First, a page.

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GDPR, What now after BREXIT 2019

How the biggest economic change to the UK affects EU data protection laws

GDPR took effect on 25 May 2018 and in less than a year, it has claimed businesses, the largest of which being Google as its most notable victim. The rules imposed by GDPR apply to all citizens of an EU member state but since the UK may not be in the EU come GDPR's first birthday, some are left puzzled as to where that leaves us in terms of GDPR.

It's important to understand that GDPR isn't a law, if it was, we could leave the EU and then the UK would cease to be governed by it. The GDPR is a European directive which means it presents a set of rules and once approved by all member states, said states must draft domestic laws in which the rules presented by the directive must be imposed onto the citizens of that country and that country only.

Multinational businesses may face some issue in terms of data transfer between regions. Under the GDPR, personal data can be shared between European Economic Area (EEA) member states, but that same information cannot be transferred to 'third countries' outside the EEA unless said 'third countries' are deemed to have adequate data protection laws in place to allow that.

This is an issue because there is uncertainty which lies in the time period following the UK's exit from the bloc. The second it's official and that we have left, if we leave, we will become one of those 'third countries' to which data cannot be transferred from an EEA state and vice versa.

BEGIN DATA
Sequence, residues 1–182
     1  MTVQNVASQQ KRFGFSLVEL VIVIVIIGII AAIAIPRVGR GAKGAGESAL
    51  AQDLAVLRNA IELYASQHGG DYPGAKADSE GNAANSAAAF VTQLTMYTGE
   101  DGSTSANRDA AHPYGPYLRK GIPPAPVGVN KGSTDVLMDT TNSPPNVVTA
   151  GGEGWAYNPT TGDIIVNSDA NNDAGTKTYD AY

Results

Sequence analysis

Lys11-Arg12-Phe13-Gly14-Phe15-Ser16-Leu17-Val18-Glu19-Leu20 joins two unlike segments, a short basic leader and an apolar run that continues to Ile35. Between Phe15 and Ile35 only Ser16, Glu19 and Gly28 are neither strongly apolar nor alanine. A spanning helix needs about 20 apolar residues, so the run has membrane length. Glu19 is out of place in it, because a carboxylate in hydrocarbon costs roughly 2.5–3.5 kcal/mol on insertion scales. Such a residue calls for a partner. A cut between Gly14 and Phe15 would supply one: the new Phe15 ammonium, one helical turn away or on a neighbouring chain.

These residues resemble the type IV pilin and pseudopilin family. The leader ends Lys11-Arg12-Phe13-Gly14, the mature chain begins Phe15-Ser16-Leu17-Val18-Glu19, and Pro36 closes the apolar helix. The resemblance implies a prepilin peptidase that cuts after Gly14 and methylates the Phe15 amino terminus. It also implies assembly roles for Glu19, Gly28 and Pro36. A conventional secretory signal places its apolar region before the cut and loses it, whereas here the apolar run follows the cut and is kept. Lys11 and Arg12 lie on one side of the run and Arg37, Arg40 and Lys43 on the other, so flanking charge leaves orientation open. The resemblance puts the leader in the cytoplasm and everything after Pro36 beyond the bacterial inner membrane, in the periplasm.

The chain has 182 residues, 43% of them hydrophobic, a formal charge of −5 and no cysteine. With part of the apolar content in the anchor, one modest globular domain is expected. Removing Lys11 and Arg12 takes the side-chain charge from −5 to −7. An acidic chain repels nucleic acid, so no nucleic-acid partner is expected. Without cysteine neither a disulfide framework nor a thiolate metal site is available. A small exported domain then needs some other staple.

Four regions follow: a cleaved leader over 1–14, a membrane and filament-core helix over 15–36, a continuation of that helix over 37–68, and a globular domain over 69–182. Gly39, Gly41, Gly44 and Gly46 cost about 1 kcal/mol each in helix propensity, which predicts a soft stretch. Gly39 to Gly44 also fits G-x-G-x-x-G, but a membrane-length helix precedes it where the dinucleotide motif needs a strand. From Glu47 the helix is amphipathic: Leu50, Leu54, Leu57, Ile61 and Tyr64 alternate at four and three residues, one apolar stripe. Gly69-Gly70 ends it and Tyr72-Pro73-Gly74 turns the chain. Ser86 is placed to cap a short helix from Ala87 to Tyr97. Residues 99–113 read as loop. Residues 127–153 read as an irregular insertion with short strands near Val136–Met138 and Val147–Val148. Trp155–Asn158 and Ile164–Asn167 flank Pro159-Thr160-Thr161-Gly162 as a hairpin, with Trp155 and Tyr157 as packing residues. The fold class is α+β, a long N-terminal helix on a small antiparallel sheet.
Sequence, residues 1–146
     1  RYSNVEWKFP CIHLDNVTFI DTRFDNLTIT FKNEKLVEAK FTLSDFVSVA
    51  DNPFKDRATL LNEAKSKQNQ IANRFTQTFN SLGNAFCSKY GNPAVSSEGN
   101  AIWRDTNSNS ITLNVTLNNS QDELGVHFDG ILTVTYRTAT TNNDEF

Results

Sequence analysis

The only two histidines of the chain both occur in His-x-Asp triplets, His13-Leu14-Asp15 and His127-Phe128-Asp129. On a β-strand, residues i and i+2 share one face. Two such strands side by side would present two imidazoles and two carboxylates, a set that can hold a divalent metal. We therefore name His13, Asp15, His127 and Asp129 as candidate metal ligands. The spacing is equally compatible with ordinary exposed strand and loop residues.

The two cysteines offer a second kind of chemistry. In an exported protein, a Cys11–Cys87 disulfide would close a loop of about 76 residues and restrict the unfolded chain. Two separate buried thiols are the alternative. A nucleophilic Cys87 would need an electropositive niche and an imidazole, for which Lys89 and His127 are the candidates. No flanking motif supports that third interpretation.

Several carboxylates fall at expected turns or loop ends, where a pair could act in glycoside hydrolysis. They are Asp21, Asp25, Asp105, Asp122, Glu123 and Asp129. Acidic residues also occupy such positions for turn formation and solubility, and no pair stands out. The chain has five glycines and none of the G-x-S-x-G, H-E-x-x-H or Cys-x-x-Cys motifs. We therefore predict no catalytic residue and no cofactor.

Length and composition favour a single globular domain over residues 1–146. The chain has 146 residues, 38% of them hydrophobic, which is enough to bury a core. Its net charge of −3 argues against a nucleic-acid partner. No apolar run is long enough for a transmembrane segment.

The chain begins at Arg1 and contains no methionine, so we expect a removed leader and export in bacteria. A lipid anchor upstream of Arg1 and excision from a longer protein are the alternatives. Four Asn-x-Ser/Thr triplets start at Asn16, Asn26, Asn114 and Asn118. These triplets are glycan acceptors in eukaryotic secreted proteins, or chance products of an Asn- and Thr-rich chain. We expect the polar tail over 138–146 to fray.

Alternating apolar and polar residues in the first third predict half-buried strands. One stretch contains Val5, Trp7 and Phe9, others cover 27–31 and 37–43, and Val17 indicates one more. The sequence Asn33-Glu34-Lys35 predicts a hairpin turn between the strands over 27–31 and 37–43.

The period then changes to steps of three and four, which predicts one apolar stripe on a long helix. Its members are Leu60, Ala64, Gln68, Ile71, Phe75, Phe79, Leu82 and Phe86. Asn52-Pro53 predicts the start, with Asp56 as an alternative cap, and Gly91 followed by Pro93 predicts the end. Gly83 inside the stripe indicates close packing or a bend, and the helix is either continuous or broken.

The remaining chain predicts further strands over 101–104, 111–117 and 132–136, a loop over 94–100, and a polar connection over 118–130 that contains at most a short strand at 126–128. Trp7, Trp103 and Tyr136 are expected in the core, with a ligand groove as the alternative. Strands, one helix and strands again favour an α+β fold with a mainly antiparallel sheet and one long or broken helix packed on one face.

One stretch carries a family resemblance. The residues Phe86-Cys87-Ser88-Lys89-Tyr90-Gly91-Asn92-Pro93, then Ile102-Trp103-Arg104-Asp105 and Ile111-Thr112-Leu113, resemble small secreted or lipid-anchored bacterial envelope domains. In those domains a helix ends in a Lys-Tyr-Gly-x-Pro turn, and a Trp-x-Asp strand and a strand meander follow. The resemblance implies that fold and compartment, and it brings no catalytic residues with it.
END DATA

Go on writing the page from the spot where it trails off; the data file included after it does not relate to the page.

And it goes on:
The requirement to prove adequate data protection laws could be an easy one for the UK to make considering GDPR did once apply to us and therefore, our domestic Data Protection Act 2018 could provide a quick fix to this issue. But, just like with everything surrounding Brexit in the past few months, nothing is certain.

Will the UK follow the EU’s GDPR?
While the UK is removing itself from the EU’s legal framework, it will continue to stand by the GDPR for now. It's not known what the final relationship between the UK and EU will be. Various models have been discussed, and discounted, by the UK.

According to the regulations themselves, the transfer of personal data to a non-EU country is prohibited unless that country has “an adequate level of data protection”. The UK can ensure it meets that "adequate level" by maintaining GDPR's rules.

Post-Brexit, the UK likely won’t be subject to decisions by both European Court of Justice and of the European Board of Data Protection. In addition, the UK Information Commissioner's Office (ICO) will no longer participate in the European Data Protection Board, losing influence on interpretations of law and decisions within the EU.

Preparing for GDPR and BREXIT

Organisations should have carried out their GDPR compliance well before this piece of regulation came into force. In order to continue trading with as little disruption as possible, organisations need to show they have adequate measures in place for their customers’ data.

Brexit does not give organisations any get out clause, especially those ones who will continue to hold the personal data of EU citizens going forward.

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